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Researchers Connect With Autistic Children By Making Slime

Researchers Connect With Autistic Children By Making Slime
Scientist Sarah Neal (r.) from Pfizer's Neuroscience
Research Unit helps make slime in Groton.

Pfizer colleagues recently found a fun way to connect with children affected by autism spectrum disorders: by making "slime."

Members of Pfizer's Autism and Neurodevelopmental Disorders Lab volunteered to make slime as part of a respite, relaxation and information event at the Bright Horizons child care center in Groton, Conn. for local parents whose families are affected by autism. The activity uses slime kits developed as part of Pfizer's SMART (Science and Math Are Really Terrific) program, which the company launched in Groton in 1988 to provide science and math outreach to schools in the local community.

"Parents attended information sessions led by autism professionals, participated in yoga, got massages, or were able to relax, meet and network with each other, while children engaged in fun-filled activities, the most popular being our slime station," said Sharon O'Neill, Senior Associate Scientist and Outreach Coordinator for Pfizer's Autism and Neurodevelopmental Disorders Lab (part of the Neuroscience Research Unit).

For the slime making activity, kids put on safety glasses and gloves and combined special ingredients — nontoxic polyvinyl alcohol (found in eye drops) and borax (a detergent) — with a drop of their favorite shade of food coloring to create a unique bucket of slime.

"We spent time playing, exploring and discussing the properties of slime and how a scientist would test these properties using experimental methods and record them in laboratory notebooks," said Daniel Smith, Senior Principal Scientist, Autism and Neurodevelopmental Disorders Lab. "A quote from one of our participating children sums up the event: 'This is the best day of my life — I love slime!' "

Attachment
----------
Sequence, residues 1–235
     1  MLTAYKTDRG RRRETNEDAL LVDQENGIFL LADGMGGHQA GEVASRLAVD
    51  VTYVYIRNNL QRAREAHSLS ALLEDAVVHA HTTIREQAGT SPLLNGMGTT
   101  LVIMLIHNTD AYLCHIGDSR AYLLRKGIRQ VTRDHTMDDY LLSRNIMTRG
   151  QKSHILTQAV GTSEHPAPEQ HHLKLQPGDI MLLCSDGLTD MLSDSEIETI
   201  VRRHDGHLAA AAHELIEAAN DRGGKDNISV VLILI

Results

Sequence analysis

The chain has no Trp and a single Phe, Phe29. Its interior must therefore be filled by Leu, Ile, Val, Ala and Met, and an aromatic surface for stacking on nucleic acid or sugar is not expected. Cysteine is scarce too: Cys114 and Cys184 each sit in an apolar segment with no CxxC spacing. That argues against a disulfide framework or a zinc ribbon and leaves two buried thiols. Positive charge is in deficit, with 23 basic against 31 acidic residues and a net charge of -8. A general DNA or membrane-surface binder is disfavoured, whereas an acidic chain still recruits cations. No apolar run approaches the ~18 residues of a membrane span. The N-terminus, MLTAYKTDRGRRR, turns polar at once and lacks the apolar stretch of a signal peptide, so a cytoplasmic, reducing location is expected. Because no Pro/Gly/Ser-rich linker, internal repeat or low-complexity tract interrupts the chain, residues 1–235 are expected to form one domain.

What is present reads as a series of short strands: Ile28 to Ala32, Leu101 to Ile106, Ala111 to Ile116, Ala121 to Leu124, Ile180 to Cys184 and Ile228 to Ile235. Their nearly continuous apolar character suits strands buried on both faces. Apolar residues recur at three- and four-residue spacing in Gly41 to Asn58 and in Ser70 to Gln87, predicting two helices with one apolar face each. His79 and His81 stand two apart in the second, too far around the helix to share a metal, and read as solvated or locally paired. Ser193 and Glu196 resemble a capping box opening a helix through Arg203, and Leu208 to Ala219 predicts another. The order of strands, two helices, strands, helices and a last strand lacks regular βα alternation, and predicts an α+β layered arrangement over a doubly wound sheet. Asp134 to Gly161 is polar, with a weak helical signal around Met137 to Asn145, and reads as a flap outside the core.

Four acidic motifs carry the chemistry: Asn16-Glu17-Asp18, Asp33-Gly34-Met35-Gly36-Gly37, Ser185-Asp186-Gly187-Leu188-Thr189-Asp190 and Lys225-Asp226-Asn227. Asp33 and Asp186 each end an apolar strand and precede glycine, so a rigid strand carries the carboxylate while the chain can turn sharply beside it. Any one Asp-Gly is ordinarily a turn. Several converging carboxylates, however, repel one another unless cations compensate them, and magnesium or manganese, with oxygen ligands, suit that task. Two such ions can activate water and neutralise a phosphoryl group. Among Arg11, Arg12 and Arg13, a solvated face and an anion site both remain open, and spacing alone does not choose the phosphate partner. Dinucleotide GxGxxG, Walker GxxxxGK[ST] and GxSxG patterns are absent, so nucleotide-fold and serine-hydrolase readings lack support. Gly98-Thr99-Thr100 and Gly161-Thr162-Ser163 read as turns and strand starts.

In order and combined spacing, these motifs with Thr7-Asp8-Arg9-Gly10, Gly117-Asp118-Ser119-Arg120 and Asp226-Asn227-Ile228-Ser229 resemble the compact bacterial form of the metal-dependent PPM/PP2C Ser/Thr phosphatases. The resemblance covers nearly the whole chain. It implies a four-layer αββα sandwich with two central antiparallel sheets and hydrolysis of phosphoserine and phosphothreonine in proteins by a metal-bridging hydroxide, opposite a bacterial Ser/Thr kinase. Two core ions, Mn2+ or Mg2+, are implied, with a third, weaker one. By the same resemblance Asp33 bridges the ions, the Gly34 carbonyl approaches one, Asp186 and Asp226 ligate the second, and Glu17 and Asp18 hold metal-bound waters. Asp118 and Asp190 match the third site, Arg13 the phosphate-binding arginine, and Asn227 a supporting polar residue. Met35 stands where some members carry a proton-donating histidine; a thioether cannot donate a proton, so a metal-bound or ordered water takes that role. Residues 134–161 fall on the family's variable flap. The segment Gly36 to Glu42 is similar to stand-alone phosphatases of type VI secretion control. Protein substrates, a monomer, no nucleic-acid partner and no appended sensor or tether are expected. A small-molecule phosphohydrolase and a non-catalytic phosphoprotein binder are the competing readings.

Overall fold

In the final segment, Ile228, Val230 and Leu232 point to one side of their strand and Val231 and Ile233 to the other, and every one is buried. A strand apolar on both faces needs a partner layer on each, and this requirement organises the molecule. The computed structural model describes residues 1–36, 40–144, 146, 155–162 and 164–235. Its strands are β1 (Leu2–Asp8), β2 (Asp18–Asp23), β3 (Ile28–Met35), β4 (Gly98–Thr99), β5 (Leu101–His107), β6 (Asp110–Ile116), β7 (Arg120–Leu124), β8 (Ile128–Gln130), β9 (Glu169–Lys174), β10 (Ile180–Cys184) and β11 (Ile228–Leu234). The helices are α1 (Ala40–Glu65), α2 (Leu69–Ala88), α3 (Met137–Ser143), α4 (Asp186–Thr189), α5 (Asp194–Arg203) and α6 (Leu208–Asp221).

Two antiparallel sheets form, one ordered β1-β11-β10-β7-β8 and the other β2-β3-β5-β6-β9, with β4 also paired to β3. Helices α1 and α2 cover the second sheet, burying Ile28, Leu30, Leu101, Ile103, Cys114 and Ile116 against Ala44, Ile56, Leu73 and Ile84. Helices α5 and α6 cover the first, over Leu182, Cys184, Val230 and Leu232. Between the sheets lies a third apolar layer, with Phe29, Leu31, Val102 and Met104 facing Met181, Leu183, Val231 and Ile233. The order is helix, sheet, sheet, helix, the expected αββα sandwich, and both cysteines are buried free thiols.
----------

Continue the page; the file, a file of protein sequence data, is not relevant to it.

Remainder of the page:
Susan Corrice and Christy McElroy, Neighborhood Representatives from "Children First Groton," wrote a letter to the team following the event to express their appreciation: "Thank you so much for donating your time and expertise. The event was very successful, but it would not have been without you taking such expert care of the children while they made slime and experimented with it. You were very generous to step forward on your day off to help out the families!"

Speaking for the other volunteers, O'Neill said, "It is a privilege to meet those whose quality of life we aim to improve through medications discovery and development."

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